Steph Cameron – Daybreak Over Jackson Street
The latest offering from Canadian Steph Cameron is a little deceptive on first listen. The opening track, and title track ‘Daybreak Over Jackson Street’ features upbeat guitar picking and a hint of vulnerability on Cameron’s vocal that makes the listener think this is going to be a happy ode to a former hometown. It isn’t.
It quickly becomes apparent that the song is about the increase in deprivation and poverty sweeping across small towns worldwide fuelled by unemployed, homelessness, drug and alcohol abuse. It’s clever, observational and a great opener that makes the listener take note of the descriptive power contained within the lyrics. Definitely a song for the current age of austerity.
There is wistful reflectiveness and maturity contained in the lyrics of ‘Young And Living Free’ that makes it sound like it was written by a much older, world-weary songwriter.
‘On My Mind’ takes on a more familiar blues/folk sound and picks up on themes of drug abuse. With the inclusion of harmonica on this track and darker exploration of drug abuse in the lyrics, there’s clearly a steer into Bob Dylan or Johnny Cash territory on this one.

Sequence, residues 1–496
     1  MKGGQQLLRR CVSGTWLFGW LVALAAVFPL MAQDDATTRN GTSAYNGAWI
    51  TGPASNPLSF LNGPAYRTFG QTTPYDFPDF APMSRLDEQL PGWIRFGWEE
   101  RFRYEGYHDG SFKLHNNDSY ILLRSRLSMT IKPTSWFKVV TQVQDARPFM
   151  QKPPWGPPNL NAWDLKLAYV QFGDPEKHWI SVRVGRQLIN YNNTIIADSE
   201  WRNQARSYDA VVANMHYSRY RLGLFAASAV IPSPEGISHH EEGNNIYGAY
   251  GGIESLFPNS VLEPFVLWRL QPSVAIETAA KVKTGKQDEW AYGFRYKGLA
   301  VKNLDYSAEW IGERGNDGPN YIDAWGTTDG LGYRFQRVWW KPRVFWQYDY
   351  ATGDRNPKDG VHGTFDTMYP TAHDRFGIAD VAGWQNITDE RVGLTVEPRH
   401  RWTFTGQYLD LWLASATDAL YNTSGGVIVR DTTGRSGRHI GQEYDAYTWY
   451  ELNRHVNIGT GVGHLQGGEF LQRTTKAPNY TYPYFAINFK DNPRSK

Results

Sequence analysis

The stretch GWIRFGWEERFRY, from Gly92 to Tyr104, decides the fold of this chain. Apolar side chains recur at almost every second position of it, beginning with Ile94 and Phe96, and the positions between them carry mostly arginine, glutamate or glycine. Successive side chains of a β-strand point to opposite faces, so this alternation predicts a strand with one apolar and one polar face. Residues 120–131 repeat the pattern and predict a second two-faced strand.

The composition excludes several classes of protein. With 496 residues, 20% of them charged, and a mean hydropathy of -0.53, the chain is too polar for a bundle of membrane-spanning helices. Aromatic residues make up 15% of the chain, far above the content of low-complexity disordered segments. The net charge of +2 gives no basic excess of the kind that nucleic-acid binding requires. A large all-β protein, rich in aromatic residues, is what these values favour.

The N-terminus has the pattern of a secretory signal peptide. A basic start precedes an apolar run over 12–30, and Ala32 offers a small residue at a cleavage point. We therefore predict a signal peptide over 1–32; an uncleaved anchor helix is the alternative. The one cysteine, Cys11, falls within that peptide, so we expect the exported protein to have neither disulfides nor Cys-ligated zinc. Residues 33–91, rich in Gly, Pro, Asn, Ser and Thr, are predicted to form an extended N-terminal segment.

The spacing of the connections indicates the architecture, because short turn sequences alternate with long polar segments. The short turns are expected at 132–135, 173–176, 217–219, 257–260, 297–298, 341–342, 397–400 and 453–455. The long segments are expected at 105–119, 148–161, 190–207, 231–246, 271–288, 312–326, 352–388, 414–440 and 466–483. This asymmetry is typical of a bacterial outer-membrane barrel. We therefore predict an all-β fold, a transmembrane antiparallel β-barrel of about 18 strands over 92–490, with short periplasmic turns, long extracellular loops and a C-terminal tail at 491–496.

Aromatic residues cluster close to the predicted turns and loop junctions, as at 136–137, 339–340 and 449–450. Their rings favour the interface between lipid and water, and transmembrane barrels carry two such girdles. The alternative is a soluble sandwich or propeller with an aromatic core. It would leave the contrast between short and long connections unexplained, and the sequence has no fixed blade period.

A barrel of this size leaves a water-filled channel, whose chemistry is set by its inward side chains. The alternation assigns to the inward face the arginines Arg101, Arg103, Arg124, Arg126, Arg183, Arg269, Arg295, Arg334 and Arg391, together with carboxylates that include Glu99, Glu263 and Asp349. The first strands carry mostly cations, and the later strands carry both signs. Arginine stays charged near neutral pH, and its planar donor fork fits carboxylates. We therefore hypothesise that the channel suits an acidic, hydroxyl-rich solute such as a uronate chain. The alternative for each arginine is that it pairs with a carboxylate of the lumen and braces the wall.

‘Little Blue Bird’ lightens the tone somewhat with it’s folksier sound and in places, and tips its hat to the late Woodie Guthrie in the vocal phrasing and guitar picking style used throughout.
‘Peace Is Hard To Find’ takes the listener into classic Pete Seeger territory with is guitar riff and darker mood. This is a future classic and one that will feature on many anti-war playlists.
Across all eleven tracks, ‘Daybreak Over Jackson Street’ is a captivating listen. Steph Cameron mixes folk and country music with strong descriptive, observational and often biting lyrics that hark back to the early 60s protest songs of Dylan, Guthrie and Seeger.
Her guitar style is enthralling to listen to as she weaves words and music together that takes the listener on a journey through a myriad of vivid landscapes and settings that while tinged with that hint of sixties etherealness also brings the grimness of real life to the fore.